Ethnic studies move across traditional academic divisions in order to consider questions of belonging and othering in new ways by bridging academic disciplines and emphasizing holistic critical thinking.
Ethnic studies support commitments to equity and justice through its methods of inquiry. You not only might see yourself more represented in the college curriculum, you might raise new questions about whose stories have been elevated and whose have been silenced. You will interrogate how cultures, communities, and identity categories change, shift, and are constructed. You will encounter new ideas about how identity relates to access and power.
Not only will you be better prepared with practical skills for multiple careers in an ever-changing world, participating in programs that include ethnic studies will transform your existing cultural wealth and knowledge through critical theory.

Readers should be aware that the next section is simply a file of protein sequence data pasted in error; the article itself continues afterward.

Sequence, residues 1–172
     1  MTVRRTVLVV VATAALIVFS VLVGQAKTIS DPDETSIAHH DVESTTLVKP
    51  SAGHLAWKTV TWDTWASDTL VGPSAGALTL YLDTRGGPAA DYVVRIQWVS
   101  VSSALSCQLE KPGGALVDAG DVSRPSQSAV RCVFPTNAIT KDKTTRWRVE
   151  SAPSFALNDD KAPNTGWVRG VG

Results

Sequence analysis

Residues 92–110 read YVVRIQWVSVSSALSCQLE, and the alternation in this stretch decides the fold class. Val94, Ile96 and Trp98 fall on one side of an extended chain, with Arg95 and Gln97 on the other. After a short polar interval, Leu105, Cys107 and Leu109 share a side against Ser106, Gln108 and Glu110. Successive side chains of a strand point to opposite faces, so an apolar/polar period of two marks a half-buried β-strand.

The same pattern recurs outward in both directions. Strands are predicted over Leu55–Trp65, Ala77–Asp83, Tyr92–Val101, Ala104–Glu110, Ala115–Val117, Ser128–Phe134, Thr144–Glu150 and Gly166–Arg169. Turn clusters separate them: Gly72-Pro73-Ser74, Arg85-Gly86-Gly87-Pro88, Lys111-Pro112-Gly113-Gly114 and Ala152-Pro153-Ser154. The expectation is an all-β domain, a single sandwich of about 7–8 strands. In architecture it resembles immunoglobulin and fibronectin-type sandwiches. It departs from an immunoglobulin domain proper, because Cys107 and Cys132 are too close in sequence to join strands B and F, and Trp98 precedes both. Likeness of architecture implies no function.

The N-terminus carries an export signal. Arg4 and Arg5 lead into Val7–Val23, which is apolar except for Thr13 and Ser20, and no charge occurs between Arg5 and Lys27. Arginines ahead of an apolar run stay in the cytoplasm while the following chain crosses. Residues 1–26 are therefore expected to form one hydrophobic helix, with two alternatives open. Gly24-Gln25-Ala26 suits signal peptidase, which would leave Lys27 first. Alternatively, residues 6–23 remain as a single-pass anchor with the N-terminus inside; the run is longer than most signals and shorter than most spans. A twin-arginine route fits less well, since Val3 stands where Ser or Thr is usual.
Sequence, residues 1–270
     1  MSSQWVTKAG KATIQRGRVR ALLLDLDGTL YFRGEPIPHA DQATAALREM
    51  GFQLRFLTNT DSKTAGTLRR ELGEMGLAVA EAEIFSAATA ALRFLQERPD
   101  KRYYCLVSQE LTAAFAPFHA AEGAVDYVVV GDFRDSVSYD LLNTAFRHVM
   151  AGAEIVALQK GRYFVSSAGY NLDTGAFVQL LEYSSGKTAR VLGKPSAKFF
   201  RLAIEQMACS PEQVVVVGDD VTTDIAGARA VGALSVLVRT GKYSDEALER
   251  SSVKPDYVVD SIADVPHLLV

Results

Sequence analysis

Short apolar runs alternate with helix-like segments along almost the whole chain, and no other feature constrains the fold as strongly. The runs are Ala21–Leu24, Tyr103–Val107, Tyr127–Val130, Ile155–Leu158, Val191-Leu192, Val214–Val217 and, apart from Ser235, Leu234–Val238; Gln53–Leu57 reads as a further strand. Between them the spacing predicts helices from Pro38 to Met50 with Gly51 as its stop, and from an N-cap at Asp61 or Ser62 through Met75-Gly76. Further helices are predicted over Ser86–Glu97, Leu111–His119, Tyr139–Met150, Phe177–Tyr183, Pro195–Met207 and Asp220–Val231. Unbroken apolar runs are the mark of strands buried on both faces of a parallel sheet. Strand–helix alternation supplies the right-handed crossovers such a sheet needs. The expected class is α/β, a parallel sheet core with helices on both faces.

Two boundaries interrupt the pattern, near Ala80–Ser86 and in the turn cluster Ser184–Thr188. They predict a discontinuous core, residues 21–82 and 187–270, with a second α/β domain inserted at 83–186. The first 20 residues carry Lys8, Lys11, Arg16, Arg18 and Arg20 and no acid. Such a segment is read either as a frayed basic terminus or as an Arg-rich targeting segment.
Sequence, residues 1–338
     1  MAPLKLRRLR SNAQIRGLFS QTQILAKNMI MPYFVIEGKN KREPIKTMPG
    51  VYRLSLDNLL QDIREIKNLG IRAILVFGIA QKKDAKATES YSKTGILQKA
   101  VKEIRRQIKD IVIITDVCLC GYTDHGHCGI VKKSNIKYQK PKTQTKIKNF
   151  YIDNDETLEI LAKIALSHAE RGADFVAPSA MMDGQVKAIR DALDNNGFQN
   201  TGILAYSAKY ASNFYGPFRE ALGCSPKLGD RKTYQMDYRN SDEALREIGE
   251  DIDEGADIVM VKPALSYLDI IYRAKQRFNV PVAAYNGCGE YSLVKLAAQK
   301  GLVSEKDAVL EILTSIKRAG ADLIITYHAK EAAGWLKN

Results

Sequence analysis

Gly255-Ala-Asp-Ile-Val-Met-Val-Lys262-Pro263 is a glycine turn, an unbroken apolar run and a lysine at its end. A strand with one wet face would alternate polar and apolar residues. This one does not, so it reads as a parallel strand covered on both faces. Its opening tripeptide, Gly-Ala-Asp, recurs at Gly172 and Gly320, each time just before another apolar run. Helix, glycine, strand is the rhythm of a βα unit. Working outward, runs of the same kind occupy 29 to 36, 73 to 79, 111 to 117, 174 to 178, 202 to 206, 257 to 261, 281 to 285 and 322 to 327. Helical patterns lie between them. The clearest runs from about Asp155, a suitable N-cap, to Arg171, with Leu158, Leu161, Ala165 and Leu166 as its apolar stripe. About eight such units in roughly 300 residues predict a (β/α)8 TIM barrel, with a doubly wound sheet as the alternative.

Important disciplines you may encounter include:
- Black and African American studies
- Indigenous Studies
- Native American Studies
- Latinx and Chicanx Studies
- Asian and Asian American Studies
- Migration and borderlands studies
Areas of exploration include literature, history, cultural studies, sociology, and critical theory. Your work will especially emphasize communities, movements, ideas, words, and power.
|Balaram, Arita||psychology, critical race and feminist studies, community-engaged methods|
|Coffey, Kristin||creative writing, historical fiction, ethnic american literature|
|Crowley, Lin||media and Chinese studies|
|Grossman, Zoltan||geography, Native American studies|
|Lal, Prita||food justice, social movements, race/gender/class inequality, Black studies|
|Proctor, Bradley||U.S. history, African American history, American studies|
|Vavrus, Michael||education, history, political economy|